Some people tend to do good kamma so that they can have a good birth next time. But one should never do any good kamma hoping happiness and other benefits. They come naturally in accordance with the law of kamma. Good actions should be done knowing that otherwise there will only be unhappiness and misery for oneself and others. Doing good is necessary in order to live peacefully in this life. Concern about good results is a desire and that may bring about disappointment in the long run.


We should fashion our life in such a way as to reduce our attachments and desires which are the causes of our problems and suffering.
Two people can do the same act but the results would not be the same. For instance a moral and an immoral person commit two bad deeds. Say both of them kill two birds. The consequences that follow will vary. The immoral person undergoes much painful experiences in the course of his future lives, and perhaps in this life too, but the moral person is subject only to some minor suffering only in this life.


A pinch of salt put into a small cup of water makes it undrinkable, but if the same amount of salt is put into a river nothing happens. The water of the river remains as it was before. It will not become salty and undrinkable. This is because unlike in the cup the volume of water in the river is so large that a pinch of salt seems to have no effect on it. Similarly, the Buddha says the effects of the same evil deed committed by two people depend on the moral condition of the doers.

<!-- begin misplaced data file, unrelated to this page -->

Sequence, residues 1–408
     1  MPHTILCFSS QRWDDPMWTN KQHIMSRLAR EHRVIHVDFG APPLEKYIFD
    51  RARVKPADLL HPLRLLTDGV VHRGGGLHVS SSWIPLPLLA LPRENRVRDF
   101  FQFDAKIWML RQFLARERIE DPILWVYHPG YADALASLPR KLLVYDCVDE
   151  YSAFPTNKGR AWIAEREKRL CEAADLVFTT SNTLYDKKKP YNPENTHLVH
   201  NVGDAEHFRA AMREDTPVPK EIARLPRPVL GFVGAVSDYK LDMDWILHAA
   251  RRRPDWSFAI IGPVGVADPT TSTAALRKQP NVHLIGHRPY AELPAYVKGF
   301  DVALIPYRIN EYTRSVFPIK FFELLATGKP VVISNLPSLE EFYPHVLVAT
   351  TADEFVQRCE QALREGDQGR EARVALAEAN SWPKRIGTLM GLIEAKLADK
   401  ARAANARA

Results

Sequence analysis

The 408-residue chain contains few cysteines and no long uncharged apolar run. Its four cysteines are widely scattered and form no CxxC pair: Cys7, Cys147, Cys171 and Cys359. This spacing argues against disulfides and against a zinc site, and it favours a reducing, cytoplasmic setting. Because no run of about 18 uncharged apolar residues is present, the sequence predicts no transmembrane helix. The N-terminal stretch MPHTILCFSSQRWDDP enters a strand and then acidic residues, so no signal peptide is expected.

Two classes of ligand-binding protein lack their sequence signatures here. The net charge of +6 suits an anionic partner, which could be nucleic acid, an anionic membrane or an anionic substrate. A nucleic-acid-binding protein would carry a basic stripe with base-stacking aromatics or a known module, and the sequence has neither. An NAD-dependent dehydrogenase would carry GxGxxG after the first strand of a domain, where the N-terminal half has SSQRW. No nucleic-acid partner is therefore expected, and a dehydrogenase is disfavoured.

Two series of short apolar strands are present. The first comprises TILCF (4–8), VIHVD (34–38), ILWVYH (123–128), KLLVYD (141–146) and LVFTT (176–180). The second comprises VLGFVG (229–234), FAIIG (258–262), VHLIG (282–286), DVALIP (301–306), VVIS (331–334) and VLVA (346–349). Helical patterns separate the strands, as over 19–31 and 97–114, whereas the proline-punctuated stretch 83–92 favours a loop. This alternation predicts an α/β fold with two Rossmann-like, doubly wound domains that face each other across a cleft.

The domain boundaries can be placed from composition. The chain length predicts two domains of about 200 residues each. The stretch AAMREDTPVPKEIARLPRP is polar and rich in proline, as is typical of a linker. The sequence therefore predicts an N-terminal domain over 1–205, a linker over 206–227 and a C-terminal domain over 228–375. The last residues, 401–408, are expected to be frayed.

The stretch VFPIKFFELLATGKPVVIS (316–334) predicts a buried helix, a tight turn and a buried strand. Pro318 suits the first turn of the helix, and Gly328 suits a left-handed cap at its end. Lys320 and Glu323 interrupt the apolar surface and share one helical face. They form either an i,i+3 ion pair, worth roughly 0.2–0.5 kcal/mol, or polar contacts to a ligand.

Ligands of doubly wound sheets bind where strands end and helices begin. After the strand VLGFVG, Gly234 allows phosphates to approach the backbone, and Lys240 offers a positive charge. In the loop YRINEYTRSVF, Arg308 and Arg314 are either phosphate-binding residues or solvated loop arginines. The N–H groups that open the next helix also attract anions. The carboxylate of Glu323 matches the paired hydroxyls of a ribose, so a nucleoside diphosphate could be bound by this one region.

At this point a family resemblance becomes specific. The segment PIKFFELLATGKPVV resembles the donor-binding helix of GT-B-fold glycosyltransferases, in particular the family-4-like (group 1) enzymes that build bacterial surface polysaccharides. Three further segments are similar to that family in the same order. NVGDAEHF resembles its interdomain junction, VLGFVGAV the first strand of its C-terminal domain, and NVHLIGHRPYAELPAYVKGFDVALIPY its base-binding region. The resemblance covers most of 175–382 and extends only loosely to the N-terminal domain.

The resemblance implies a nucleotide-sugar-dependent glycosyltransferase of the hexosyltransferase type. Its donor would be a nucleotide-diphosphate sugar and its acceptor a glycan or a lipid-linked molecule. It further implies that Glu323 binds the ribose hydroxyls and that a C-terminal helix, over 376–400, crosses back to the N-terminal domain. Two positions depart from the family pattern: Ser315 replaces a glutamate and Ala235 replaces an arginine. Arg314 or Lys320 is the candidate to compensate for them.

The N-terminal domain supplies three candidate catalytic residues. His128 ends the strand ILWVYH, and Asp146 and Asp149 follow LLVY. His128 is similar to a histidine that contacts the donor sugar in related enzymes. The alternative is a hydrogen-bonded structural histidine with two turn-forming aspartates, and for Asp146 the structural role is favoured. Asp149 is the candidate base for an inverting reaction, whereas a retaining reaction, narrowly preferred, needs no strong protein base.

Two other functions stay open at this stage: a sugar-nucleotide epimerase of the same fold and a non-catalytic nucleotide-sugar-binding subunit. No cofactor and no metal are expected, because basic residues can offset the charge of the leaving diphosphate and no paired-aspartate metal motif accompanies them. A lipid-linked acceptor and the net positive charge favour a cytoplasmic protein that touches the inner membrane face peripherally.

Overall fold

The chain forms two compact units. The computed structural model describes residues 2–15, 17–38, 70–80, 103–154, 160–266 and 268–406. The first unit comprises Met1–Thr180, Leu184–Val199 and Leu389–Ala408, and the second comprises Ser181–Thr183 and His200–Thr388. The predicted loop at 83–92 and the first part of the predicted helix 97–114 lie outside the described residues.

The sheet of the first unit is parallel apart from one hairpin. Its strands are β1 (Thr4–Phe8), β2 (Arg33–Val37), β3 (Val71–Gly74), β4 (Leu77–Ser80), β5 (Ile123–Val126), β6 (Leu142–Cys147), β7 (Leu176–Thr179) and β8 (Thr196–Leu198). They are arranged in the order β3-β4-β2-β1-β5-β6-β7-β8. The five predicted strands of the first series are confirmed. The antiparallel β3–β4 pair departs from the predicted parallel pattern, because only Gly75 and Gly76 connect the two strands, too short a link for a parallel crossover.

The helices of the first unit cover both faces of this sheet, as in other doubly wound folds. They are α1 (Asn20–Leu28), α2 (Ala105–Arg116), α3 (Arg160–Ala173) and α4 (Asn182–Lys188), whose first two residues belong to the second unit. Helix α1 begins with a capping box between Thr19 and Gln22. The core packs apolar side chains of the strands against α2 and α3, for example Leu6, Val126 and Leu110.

The question some people ask is why some persons doing all sort of unwholesome deeds still seem to be living in comfort and pleasure. They enjoy health, wealth and long life. Do not they deserve immediate punishment? They surely do that. But kamma needs ripening to give its effects, just as a seed of mango or apple planted needs time to grow and show up a sprout and then a plant and finally fruits.
No one can escape from the painful results of evil deeds. Kamma is impartial. It does not have preferences. It is the law of cause an effect. It acts upon every individual irrespective of who he or she is.